Vancouver is a seaside town through-and-through with north, west, and south boundaries extending to either the Fraser River or Burrard Inlet. Home to Canada’s busiest port and some of the world’s best beaches, existing along the water is a way of life for locals. We get to enjoy diverse wildlife, the hustle and bustle of industry that relies on these flowing thoroughfares, sandy beaches, rocky shores, and incredible sunsets that kiss the sea. Today is the second post of a two-part profile of Vancouver’s Seawall.
In last week’s post the Stanley Park leg of the Seawall was the main focal point. This was where the Seawall began in 1917 (thanks to James Cunningham) and was extended throughout the decades, finally closing the loop around the park in 1980. Since then, the Seawall has been extended outside of Stanley Park, reaching all the way around False Creek, past Granville Island, around Vanier Park, and into Kitsilano.
While you’ve left the Stanley Park peninsula and forest trails given way to busy sidewalks and West End streets, the second half of the Seawall loop is peppered with parks, green spaces, patios, and almost as much to see in the water as there is on shore.
Continuing east along the Seawall past English Bay Beach and Sunset Beach (which has a dog off-leash area) you’ll pass under the Burrard and Granville Street Bridges and come out on the north side of False Creek at Yaletown.
Public art pieces stand in and out of the water, David Lam Park features soccer fields and basketball courts, water taxis zip back and forth, and boats come and go from the Yaletown marina.
You’ll duck under the Cambie Bridge next and pass BC Place, Rogers Arena, and the 400-tree Solefood urban orchard before reaching Science World at the eastern tip of False Creek. This area is man-made as False Creek used to extend all the way up to Clark Drive, with the False Creek Flats back-fill project starting just after the First World War.
The paved path curves around the perimeter of False Creek, bending down to South East False Creek and the home of The Village on False Creek. This area was built up as the Olympic Village for the Vancouver 2010 Winter Games and amenities like the Creekside Community Centre have helped it thrive.
With a semi-circle of north, east, and south False Creek complete, the Seawall will lead you back under the Cambie Bridge and along the foot of Fairview as you head toward Granville Island. Here you’ll find another set of interesting features like the dog off-leash area at Charleson Park, the fantastic city views of Choklit Park (if you head up the trail, for a quick Seawall detour), and Leg in Boot Square.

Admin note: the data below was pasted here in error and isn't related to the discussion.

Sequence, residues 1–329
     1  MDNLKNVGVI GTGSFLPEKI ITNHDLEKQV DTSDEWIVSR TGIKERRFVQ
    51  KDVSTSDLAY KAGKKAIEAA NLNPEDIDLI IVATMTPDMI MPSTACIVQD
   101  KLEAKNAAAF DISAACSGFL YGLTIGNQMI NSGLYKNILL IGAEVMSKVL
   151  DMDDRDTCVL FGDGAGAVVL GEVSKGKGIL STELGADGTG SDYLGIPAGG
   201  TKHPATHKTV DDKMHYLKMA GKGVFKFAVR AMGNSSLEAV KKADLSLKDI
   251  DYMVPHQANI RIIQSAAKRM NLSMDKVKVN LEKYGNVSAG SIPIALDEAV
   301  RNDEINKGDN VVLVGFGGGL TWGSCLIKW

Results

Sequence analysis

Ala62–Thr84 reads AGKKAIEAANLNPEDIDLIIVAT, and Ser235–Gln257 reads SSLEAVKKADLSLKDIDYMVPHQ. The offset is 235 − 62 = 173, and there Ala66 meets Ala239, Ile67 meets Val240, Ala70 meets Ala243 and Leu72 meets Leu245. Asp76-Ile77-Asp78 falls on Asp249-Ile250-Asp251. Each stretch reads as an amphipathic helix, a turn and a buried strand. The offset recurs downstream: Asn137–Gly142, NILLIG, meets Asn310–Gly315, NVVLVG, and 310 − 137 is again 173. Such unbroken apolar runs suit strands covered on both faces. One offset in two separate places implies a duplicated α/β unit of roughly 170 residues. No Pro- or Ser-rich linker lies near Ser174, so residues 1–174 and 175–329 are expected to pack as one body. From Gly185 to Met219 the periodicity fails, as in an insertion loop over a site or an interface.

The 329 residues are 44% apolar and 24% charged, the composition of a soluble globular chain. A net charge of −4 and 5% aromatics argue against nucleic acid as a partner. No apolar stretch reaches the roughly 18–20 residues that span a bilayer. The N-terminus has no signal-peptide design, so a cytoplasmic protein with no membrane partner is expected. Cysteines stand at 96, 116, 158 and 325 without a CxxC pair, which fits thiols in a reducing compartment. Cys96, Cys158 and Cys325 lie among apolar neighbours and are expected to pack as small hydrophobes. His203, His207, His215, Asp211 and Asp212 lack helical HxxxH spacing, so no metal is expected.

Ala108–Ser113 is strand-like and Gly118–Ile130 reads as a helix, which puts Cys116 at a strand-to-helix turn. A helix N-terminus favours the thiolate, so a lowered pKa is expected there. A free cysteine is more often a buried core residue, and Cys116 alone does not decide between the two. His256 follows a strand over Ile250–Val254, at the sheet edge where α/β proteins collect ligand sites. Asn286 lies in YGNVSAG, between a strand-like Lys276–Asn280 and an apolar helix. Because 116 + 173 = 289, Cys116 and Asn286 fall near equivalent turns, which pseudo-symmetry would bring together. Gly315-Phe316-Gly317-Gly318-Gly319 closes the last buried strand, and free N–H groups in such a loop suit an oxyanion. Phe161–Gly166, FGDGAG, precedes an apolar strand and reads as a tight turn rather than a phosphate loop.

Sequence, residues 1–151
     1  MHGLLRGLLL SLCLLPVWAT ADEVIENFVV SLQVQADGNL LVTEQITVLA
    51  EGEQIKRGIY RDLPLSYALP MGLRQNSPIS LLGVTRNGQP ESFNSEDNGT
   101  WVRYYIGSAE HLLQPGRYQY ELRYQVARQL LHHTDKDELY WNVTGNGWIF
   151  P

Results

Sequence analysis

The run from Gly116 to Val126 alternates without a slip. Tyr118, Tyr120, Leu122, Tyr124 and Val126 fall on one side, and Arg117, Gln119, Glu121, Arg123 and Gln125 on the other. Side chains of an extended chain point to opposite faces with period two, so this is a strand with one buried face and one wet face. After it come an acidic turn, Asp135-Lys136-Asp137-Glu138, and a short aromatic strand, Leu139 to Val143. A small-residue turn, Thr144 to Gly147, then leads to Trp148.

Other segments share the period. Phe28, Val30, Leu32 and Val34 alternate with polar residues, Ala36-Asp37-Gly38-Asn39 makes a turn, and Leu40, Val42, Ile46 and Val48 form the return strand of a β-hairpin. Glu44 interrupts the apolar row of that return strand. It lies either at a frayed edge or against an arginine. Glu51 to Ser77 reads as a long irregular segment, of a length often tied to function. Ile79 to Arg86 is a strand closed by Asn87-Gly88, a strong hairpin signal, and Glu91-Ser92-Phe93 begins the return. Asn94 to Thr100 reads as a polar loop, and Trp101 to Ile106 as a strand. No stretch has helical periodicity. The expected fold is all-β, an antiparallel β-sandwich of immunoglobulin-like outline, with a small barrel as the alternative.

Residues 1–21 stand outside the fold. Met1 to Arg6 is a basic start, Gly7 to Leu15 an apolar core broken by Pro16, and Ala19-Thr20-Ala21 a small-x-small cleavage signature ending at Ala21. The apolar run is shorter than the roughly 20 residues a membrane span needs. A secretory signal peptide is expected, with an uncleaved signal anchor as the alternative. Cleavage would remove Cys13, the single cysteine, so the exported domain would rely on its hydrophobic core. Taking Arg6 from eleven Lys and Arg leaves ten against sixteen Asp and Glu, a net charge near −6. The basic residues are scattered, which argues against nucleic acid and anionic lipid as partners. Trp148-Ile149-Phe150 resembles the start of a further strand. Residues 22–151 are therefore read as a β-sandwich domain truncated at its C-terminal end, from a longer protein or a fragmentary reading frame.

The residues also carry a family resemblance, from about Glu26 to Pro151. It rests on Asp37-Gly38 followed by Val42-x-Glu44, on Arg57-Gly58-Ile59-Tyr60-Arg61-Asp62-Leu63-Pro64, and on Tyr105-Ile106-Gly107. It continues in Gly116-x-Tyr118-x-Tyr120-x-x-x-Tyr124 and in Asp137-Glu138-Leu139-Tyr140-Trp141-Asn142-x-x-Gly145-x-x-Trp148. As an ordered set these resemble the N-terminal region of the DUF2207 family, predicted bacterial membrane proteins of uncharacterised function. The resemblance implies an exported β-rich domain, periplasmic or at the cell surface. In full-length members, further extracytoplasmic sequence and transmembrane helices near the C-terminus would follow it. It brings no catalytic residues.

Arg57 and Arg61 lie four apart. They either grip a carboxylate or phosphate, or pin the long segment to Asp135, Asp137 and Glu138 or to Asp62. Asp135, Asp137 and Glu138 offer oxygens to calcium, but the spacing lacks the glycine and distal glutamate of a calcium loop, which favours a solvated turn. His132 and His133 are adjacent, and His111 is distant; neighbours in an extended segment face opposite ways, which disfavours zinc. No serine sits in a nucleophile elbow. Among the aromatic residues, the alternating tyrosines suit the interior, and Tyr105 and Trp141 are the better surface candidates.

Leg-in-Boot Square is the centrepiece of Phase One of what was the most extensive and visionary urban redevelopment scheme in Canada up to its time (mid-1970’s). It is a vehicle-free cobblestone and brick plaza. In its centre is a set of lines, the primary one which extends from a fountain to the water, and which points via a permanent sightline to the Lions (or Two Sisters) Mountains (and intersecting the old Vancouver Stock Exchange). The remaining twelve lines which emanate from a circle in the middle of the square are aligned to the orientation of Vancouver’s street grid.[Source]
A cobblestone plaza, boardwalks, and paved paths patch together the Seawall on the south west side of False Creek as it skims past Granville Island and its world-famous market.
This is the home stretch of the Seawall as it dissolves into beach-side paths and bike routes all the way out to Point Grey. After Granville Island you’ll see the underbelly of Granville Bridge and Burrard Bridge, and run parallel with the north side of the Seawall at Sunset Beach and English Bay — with False Creek in between.
Whether the Seawall leads you to a local attraction, market, patio, or restaurant, it’s a great way to get around either on foot, inline skating, or cycling. It could also be your destination as you plot a scenic running route around the city’s beautiful downtown and west side waterfront.
The Vancouver Waterfronts series continues next week as we move away from the downtown core and toward other local seaside attractions and neighbourhoods.